Leonard Schanfield Research Institute Implements Evidence-Based Falls Prevention Programs

 

As one of only eight grantees selected nationwide out of 73 applicants, CJE SeniorLife is a recipient of an Administration for Community Living (ACL) 2020 Evidence-based Falls Prevention Grant designed to increase the availability of falls-prevention efforts to reduce the risk of falls among older adults.

Schanfield Research Institute Implements Evidence-baed Falls Prevention Programs

Among people age 65 and older, falls are the leading cause of injury-related deaths and hospitalizations. However, falls are not part of a normal aging process and evidence-based programs can help to achieve better health outcomes.

Over the three-year grant period, CJE will deliver a suite of evidence-based falls prevention programs:

Tai Chi for Arthritis and Falls Prevention. Research has shown Tai Chi to be one of the most effective exercises for preventing falls. Tai Chi for Arthritis helps people with arthritis to improve all muscular strength, flexibility, balance, stamina, and more.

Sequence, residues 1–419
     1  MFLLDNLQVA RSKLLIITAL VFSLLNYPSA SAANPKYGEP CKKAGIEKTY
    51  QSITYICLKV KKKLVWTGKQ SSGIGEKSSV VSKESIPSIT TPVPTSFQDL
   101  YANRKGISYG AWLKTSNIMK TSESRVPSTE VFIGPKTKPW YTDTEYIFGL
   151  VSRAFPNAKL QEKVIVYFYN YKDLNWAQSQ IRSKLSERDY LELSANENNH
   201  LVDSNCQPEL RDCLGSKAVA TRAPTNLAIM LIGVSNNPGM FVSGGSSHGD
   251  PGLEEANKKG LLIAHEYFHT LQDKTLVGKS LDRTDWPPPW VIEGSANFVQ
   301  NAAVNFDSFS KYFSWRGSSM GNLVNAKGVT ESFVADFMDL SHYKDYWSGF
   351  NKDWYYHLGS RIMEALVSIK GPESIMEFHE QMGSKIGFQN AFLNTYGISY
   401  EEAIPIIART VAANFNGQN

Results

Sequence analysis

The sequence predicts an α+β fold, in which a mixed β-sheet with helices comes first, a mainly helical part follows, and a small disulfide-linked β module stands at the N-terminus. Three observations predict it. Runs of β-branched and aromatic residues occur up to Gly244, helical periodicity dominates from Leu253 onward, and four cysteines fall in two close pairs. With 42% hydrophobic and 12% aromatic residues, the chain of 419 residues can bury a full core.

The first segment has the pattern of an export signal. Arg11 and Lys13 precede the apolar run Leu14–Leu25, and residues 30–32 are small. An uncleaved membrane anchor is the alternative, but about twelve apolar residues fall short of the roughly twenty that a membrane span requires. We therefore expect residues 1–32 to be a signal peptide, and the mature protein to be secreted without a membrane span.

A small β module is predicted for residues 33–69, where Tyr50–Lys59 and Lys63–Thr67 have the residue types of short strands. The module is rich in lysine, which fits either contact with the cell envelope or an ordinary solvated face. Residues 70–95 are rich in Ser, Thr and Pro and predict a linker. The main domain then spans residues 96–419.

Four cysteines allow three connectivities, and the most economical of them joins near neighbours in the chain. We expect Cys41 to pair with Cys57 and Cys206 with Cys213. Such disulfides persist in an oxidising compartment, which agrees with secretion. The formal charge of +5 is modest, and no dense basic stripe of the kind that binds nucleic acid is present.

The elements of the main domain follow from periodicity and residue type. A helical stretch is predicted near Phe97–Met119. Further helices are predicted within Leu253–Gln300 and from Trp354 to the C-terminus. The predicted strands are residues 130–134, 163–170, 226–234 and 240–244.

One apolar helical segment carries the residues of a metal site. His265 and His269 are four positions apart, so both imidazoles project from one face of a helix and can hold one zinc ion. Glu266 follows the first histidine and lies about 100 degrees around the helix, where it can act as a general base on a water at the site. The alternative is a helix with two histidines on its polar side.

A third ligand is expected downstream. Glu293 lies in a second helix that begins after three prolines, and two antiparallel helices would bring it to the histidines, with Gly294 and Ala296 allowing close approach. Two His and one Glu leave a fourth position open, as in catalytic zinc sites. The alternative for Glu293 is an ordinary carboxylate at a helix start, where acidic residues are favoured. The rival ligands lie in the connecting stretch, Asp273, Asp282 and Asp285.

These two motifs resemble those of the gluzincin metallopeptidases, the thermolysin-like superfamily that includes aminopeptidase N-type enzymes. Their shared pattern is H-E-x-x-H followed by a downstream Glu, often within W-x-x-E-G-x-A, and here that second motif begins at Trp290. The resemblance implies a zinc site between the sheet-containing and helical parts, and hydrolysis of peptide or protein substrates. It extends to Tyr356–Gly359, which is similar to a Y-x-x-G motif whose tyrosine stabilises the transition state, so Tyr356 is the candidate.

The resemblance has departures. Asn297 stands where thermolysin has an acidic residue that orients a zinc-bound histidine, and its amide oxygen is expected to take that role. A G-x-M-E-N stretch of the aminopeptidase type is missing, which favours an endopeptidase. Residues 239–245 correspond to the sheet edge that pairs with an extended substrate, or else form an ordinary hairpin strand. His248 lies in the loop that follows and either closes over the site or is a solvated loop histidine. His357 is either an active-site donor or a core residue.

Bingocize®. This is a 10-week program that combines a bingo-like game with exercise and health education. The unique addition of bingo addresses many of the barriers to older adults’ participation because the game is fun, familiar, and done in a group setting. The program has been shown to increase older adults’ functional fitness, health knowledge, and social engagement in a variety of settings. The overall goals of the program are to help older adults 1) improve and/or maintain mobility and independence; 2) learn and use health information focused on falls reduction and other health-related behaviors; and 3) socially engage with other older adults.

Stay Active and Independent for Life (SAIL). This is a strength, balance and fitness program for adults 65 and older—primarily those with a history of falls. SAIL accommodates people with a mild level of mobility difficulty (e.g. people who occasionally walk with a cane or walker) and exercises can be done standing or sitting. SAIL is offered 2 times a week in a one-hour class.